When Nintendo announced that they would be releasing their whimsical life simulator Tomodachi Life, gay gamers - or gaymers, if you prefer - were disappointed to learn that though your avatar, or "Mii", could go on dates and get married, they couldn't do so with a member of the same sex. Given that the previous game Tomodachi Collection allowed for same-sex couplings, albeit by way of a bug rather than a feature, Nintendo is deliberately excluding gay couples, a decision which invited criticism and a petition, as well as the creation of Twitter hashtag campaign #Miiquality started by Tye Marini of Mesa, Arizona, who said in an online video,
I want to be able to marry my real-life fiancé’s Mii, but I can’t do that. My only options are to marry some female Mii, to change the gender of either my Mii or my fiancé’s Mii or to completely avoid marriage altogether and miss out on the exclusive content that comes with it.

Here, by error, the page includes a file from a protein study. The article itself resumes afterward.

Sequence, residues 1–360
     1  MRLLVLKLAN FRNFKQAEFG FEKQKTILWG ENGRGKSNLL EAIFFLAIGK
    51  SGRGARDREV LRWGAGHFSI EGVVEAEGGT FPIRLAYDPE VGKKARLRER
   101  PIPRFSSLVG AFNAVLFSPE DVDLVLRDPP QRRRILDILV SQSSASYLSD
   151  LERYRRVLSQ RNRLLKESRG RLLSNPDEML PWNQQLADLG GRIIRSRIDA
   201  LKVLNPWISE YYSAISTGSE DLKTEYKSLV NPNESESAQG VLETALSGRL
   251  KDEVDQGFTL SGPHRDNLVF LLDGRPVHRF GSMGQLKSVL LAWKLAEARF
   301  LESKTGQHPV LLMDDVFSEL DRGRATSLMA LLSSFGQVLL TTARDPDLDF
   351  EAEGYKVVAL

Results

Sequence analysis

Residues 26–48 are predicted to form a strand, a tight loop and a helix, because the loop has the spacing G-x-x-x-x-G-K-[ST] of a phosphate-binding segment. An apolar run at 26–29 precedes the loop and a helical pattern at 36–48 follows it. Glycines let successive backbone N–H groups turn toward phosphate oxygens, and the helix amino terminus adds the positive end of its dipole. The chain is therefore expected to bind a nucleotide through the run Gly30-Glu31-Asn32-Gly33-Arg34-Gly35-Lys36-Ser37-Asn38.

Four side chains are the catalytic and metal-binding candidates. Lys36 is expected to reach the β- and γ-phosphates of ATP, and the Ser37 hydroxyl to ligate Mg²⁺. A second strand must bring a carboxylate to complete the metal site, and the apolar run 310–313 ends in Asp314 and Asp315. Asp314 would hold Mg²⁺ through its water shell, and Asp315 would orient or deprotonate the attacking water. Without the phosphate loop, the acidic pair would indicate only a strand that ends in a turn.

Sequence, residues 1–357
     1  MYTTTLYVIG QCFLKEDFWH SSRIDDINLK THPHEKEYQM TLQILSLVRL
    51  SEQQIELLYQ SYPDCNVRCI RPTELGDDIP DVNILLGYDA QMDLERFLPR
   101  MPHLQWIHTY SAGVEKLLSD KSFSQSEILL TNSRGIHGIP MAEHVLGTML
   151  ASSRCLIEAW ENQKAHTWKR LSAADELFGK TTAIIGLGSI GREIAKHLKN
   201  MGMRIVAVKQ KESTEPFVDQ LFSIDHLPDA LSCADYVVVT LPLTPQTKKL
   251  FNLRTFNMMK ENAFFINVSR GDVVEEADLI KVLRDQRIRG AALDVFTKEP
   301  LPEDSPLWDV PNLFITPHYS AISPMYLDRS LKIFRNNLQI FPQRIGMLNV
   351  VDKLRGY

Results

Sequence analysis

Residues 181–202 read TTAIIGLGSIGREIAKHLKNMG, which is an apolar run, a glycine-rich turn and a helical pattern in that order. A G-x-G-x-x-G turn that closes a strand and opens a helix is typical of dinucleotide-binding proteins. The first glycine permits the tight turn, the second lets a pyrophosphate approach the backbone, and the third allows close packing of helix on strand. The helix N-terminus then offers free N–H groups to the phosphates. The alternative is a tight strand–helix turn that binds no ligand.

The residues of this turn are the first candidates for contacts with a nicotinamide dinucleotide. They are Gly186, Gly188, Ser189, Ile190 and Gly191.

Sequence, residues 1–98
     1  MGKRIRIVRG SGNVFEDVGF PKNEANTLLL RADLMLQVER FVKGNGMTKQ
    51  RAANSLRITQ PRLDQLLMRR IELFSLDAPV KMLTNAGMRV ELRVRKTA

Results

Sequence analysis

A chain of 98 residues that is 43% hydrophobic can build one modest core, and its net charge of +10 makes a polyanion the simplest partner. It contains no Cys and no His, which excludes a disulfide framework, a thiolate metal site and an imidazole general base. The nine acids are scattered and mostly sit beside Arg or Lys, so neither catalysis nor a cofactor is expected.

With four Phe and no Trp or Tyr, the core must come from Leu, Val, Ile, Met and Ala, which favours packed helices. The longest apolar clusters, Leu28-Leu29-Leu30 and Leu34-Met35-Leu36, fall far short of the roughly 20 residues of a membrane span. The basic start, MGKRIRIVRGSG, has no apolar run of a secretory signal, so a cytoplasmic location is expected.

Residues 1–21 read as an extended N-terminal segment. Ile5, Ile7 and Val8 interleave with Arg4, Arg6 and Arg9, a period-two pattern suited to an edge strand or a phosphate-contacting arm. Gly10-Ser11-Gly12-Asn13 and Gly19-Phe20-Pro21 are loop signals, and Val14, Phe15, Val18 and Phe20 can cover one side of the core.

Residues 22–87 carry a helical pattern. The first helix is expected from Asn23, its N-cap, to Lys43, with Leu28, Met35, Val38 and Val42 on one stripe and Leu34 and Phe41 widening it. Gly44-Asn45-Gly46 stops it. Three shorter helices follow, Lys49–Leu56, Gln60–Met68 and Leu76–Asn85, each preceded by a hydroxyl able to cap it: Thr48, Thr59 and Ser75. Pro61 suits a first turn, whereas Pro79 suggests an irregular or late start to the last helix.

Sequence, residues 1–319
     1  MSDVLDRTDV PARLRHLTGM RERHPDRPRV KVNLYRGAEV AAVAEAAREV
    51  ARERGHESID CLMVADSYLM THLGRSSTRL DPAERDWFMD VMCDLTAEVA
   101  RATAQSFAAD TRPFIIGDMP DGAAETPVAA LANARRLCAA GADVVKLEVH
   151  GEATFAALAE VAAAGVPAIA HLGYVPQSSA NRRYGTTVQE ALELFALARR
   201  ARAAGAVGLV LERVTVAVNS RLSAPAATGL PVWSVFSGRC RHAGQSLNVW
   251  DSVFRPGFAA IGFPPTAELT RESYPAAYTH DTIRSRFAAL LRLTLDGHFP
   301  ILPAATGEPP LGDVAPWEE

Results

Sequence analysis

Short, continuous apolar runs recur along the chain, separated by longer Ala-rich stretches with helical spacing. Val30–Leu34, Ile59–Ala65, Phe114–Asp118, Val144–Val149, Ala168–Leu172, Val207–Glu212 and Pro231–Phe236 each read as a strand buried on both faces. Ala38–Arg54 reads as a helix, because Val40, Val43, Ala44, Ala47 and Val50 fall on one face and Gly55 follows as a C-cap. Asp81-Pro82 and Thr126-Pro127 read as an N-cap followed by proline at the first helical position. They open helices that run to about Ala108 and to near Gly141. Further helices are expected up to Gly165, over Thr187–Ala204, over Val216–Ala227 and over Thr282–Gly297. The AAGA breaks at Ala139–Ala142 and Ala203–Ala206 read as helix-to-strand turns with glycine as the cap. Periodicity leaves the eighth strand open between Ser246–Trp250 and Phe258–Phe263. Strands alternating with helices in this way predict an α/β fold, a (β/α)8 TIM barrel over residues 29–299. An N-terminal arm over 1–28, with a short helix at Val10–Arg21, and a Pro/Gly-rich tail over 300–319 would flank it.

Nintendo responded to the criticisms by doubling-down on their position, saying in a statement,
Nintendo never intended to make any form of social commentary with the launch of ’Tomodachi Life.' The relationship options in the game represent a playful alternate world rather than a real-life simulation. We hope that all of our fans will see that ’Tomodachi Life’ was intended to be a whimsical and quirky game, and that we were absolutely not trying to provide social commentary.
Except that they did. When your game is based on the premise of players creating avatars of themselves, your gameplay mechanics offer dating, courtship, and marriage, and you deliberately disallow the creation of same-sex couples, you are saying that those couples are less-than and therefore you will not recognize them or allow their stories to be played out. You are denying the existence of gays and lesbians who are buying and playing your game.
You can watch Tye's video on #Miiquality AFTER THE JUMP...